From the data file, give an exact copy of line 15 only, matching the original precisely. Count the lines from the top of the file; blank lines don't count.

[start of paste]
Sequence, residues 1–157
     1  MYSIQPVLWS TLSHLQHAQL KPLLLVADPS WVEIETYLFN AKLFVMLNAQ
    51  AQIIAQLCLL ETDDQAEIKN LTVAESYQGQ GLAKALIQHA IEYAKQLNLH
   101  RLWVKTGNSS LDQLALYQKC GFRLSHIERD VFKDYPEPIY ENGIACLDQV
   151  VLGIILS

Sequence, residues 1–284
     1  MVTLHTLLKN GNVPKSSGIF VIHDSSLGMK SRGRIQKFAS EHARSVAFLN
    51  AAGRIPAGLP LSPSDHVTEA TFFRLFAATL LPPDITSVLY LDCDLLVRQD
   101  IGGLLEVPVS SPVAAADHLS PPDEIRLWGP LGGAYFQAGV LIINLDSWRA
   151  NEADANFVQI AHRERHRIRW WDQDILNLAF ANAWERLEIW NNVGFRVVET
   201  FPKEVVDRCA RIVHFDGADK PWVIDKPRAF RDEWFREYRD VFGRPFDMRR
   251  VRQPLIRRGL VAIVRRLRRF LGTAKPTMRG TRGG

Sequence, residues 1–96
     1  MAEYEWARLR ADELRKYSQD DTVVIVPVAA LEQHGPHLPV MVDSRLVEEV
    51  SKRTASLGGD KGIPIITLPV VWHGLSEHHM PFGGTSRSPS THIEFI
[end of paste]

    51  SKRTASLGGD KGIPIITLPV VWHGLSEHHM PFGGTSRSPS THIEFI